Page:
Hair today...

Hair today... no need to get e x cited, but in a major step towards understanding human baldness, American scientists have discovered a gene that appears to activate hair follicles in humans. They say that this will help them work out all the biochemical processes that lead to hair production. And ultimately, they hope, this new discovery will result in more effective remedies for hair loss.

Scientists know very little about hair growth in humans, and whatever they know comes mainly from studies conducted on animals. For instance, scientists know that sheep have more than 100 different genes of keratin, the structural proteins in their wool. And in mice and rats, genes such as the one called hairless are thought to make proteins that coordinate hair production. However, geneticists and biologists are still quite clueless as to how these genes work. "We have absolutely no clue on how the hair follicle functions,' confesses Andrew Leask, a biologist at a biotechnology company called FibroGen near San Francisco, usa .

In humans, the most common form of hair loss is male pattern baldness, which is thought to result from imbalances of hormones such as testosterone. Levels of the hormone appear to rise in balding men. Therefore, all drugs currently available to reduce hair loss operate by countering the effects of these hormones.

A much rarer genetic condition is one in which all body hair drops out. Called alopecia universalis , this disorder can strike men or women at any age. Angela Christiano and her colleagues at Columbia University in New York, usa , hoped to track down the genes responsible for this particular condition while trying to find a universal mechanism underlying baldness. "We were hoping that by focusing on the genes themselves, we could find out how hair is produced,' she explains.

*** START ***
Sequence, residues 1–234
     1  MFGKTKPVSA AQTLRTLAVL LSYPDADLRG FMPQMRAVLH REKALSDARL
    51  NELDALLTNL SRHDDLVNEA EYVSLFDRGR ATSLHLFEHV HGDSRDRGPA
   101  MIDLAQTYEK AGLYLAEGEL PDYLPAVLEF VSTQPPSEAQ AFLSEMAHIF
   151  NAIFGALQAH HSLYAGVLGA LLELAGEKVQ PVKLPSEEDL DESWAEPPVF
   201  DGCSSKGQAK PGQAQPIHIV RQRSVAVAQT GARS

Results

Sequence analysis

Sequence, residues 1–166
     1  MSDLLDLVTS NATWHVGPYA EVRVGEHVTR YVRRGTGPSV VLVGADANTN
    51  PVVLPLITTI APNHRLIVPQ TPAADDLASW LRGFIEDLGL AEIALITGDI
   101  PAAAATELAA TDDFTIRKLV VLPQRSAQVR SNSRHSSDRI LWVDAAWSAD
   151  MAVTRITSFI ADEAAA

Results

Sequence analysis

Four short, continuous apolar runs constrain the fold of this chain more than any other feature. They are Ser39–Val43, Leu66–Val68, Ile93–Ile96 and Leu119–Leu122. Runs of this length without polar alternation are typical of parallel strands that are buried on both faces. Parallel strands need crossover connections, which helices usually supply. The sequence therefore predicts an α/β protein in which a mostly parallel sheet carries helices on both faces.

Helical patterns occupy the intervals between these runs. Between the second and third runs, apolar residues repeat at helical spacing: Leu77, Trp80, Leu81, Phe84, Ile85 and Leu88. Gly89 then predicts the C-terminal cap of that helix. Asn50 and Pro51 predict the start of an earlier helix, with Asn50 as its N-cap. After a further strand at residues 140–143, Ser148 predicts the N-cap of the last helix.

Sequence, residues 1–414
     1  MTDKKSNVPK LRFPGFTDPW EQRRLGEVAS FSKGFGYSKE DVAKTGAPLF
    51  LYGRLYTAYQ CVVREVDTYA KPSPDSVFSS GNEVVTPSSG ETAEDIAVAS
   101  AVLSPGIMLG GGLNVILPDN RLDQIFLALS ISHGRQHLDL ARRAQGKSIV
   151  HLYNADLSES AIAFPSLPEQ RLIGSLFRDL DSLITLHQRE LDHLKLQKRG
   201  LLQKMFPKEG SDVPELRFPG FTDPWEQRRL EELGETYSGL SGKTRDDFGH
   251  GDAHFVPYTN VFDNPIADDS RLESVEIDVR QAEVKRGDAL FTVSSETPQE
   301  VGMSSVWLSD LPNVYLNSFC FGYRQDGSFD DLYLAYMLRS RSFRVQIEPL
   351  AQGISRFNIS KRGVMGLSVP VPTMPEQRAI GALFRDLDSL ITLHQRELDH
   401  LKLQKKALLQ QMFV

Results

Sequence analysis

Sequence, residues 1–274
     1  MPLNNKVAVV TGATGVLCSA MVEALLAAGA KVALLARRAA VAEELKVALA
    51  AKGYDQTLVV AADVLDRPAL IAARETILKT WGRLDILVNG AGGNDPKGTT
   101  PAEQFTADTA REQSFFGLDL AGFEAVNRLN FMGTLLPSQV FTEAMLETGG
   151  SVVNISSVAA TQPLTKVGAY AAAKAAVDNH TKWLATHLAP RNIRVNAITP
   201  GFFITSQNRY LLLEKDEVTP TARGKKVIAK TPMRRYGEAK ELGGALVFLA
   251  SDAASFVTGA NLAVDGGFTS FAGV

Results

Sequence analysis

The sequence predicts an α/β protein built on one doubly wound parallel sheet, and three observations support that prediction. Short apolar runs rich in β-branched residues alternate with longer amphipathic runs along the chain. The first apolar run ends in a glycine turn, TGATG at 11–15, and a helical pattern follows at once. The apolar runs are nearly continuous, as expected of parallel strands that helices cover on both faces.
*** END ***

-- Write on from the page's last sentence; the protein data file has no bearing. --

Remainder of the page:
In collaboration with Leask, Christiano's team set about trying to find the genes by studying a family in which 11 members lost all their hair. Those affected were born without eyebrows or lashes, and never developed pubic hair. Although the children had been born with a normal headful of baby hair, no new hair grew in to replace it.

The researchers report that they traced several common genetic markers in the bald members of the family. Coincidentally, Christiano had isolated the human version of the hairless gene that is found in mice and rats, and she noticed that it lies in the same region of the chromosomes as the markers she traced in her bald subjects. The team later found that each bald subject had a single mutation in the hairless gene.

Based on the sequence of the hairless protein, Christiano believes it is possibly a regulator of other genes

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